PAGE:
Demogr­aphic forces, cultural forces
Introd­uction of new produc­ts/­imp­roved products & services are provided, improv­ements in production process, improv­ements in the way markets are identified & services are provided
Protecting consumers & promoting fair compet­ition
Processes & materials used to produce products

Maslow's Hierarchy of Needs

Physio­logical Needs
Most basic needs necessary for survival, food, water, sex & sleep
Safety Needs
Need for safety, health, shelter & security
Social Needs
Need for belonging, love, friendship & social acceptance
Esteem Needs
Need for status, prestige, respect & social standing drive motivation for luxury goods
Need for self-f­ulf­illment is the highest order of motivation
All these needs are motivate people's purchases of certain products and services. Individual actions are affected by a complex set of motives and even these indivi­duals cannot identify what motivates them to purchase what they do.

The Consumer Adoption Process

Financial - money spent may be wasted if need is not met
Functional - product may not perform according to expect­ations
Social - product may lower consumer's standing amongst contem­por­aries
Physical - product may cause harm to consumer
The Five Stages in the Decisi­on-­making process
1. Awareness: consumer becomes aware of produc­t/s­ervice but has no info on it
2. Interest: consumer becomes interested in produc­t/s­ervice & begins finding inform­ation on it
3. Evalua­tion: based on inform­ation gathered, they decide whether or not to try the produc­t/s­ervice
4. Trial: consumer decides to try product on a limited first-buy basis, in order to improve the inform­ation on the produc­t/s­ervice based on experience
5. Adopti­on/­Rej­ection: consumer either makes a full commitment to adopt the product or rejects it
Rogers' Innovation Adoption Model
Innovators - these are the more advent­urous risk-t­aking consumers who are eager to try something new
Early Adopters - well educated, opinio­n-l­eaders in their commun­ities. They take calculated risks & are cautious even though they buy early
Early Majority - cautious consumers who adopt product once its success has been proven
Late Majority - skeptical group who only purchase product after majority has purchased it. Usually of an older demogr­aphic
Laggards - this group dislikes change, are generally conser­vative & suspicious of new things. Will only adopt product once it has developed its own tradit­ional status

The Organi­zat­ional Buying Process

The buying process that organi­zations follow is different from that of individual consumers
1. Businesses usually purchase produc­ts/­ser­vices to fit specific business need with emphasis on economic benefits and they follow a rational decisi­on-­making process
2. The purchasing process tends to be lengthier, more technical & usually involves a team of people. Also they buy in large quantities and investment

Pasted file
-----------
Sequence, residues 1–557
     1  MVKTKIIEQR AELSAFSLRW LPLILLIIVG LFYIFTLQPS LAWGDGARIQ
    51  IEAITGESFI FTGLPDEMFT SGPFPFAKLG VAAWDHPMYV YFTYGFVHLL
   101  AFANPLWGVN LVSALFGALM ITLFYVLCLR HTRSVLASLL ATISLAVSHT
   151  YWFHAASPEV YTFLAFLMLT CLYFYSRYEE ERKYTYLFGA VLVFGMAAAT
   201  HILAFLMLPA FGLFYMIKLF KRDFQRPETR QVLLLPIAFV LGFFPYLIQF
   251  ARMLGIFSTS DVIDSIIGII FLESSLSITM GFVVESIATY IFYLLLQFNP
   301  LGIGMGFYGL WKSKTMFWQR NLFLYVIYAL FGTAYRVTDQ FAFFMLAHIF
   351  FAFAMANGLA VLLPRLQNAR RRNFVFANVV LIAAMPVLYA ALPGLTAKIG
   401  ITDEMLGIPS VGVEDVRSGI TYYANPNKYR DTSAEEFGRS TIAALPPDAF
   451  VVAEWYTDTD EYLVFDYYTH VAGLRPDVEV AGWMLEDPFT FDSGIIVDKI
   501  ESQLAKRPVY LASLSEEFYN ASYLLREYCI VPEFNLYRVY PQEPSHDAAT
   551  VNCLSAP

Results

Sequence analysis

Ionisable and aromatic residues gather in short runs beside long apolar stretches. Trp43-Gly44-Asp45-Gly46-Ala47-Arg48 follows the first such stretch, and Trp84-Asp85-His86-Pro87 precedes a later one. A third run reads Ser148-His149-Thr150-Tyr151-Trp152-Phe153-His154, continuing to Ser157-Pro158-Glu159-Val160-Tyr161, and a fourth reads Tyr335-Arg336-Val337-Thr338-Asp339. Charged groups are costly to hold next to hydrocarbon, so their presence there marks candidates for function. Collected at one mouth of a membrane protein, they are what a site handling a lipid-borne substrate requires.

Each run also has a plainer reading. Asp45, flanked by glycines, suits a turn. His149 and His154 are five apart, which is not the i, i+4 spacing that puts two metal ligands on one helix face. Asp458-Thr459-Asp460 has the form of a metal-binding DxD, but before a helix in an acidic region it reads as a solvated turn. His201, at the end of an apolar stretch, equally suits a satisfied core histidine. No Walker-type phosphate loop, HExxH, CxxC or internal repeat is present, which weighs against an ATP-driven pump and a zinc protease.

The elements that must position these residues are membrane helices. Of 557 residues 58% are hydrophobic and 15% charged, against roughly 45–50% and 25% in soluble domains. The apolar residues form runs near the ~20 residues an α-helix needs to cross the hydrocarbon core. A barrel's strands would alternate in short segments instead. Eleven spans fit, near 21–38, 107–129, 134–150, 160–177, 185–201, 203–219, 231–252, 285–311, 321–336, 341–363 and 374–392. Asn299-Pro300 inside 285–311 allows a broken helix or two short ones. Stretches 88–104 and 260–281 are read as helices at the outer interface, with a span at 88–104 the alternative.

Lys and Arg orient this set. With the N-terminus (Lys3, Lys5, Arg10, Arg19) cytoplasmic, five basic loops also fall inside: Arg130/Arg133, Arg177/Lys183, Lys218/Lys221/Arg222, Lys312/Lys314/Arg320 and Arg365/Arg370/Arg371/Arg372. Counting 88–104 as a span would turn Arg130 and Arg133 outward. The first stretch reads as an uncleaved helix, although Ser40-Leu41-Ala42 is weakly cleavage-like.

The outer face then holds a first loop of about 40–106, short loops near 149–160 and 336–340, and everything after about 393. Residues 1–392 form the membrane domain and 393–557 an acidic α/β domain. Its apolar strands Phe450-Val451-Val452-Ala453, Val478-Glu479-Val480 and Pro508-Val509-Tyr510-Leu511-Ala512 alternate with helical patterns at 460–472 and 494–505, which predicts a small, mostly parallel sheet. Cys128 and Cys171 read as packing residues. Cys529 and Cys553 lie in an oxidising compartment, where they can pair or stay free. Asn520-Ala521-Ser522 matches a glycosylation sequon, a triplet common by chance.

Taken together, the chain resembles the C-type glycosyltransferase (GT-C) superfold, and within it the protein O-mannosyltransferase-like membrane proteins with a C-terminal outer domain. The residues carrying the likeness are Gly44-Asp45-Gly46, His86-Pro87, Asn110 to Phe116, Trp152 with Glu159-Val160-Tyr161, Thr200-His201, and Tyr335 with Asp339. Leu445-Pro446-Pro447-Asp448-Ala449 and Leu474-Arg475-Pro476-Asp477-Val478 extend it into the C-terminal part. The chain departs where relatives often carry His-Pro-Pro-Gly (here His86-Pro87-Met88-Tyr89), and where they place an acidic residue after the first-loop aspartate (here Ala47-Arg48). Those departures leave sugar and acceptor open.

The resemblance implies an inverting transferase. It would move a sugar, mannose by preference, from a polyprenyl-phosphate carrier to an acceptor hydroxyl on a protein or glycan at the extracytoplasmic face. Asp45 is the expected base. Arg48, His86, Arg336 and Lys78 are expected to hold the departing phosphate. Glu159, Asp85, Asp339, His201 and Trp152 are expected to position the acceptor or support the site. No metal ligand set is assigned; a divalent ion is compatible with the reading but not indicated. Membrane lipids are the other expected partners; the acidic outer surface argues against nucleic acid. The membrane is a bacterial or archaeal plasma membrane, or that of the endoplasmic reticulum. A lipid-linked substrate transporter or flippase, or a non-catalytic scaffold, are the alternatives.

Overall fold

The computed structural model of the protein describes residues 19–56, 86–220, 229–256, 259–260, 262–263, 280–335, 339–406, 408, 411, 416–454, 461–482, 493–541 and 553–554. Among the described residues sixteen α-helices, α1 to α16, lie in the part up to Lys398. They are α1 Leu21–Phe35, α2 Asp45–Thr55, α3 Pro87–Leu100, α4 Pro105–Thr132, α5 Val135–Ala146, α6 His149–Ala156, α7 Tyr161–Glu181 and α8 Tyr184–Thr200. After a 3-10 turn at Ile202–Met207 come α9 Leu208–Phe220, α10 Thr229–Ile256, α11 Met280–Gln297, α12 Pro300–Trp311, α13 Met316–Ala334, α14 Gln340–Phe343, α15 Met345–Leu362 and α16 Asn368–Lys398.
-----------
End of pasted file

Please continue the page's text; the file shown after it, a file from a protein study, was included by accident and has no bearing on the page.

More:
3. Impact of product failure or supply disruption can be more severe in an organi­zat­ional context & switching suppliers can be time consuming and difficult
Types of Buying
Straig­ht/­routine re-buy: regular re-orders low-risk, frequently purchased items like office supplies & consum­ables.
Modified re-buy: arises when there is prior experience with the product but a need exists for a review or modifi­cation
New task buying : product is purchased for the first time by organi­zation. Because there is no prior experi­ence, the number of people & divisions involved will be greater and much more inform­ation will need to be gathered. Amount of effort put in will be propor­tional to the level of risk, costs and returns and may take longer to finalize
problem recogn­ition > general need descri­ption > product specif­ication > supplier search > proposal solici­tation > supplier selection > order-­routine specif­ication > perfor­mance review
Buying centre are those involved in the buying process
Initiators - people who recognize for the produc­t/s­ervice and initiate the buying process
Influe­ncers - those who have an influence, usually through skills & expertise on the outcome of the decisi­on-­making process.
Deciders - people who have formal­/in­formal authority to decide on product specif­ica­tions or the final approved suppliers
Buyers - have final, formal authority to select suppliers, negotiate with them & conclude transa­ctions.
Gateke­epers - exercise control over purchasing decisions or some aspect of purchasing decisions

The STP Process

Segmen­tation, Targeting & Positi­oning 'go-to­-ma­rket' process is made up of 6 steps
1. Identify the segmen­tation variables & segment the market
2. Develop profiles of the segments
3. Evaluate the attrac­tiv­eness of each segment
4. Select the target segments
5. Identify possible positi­oning concepts for each target segment
6. Select, develop & commun­icate the chosen positi­oning concept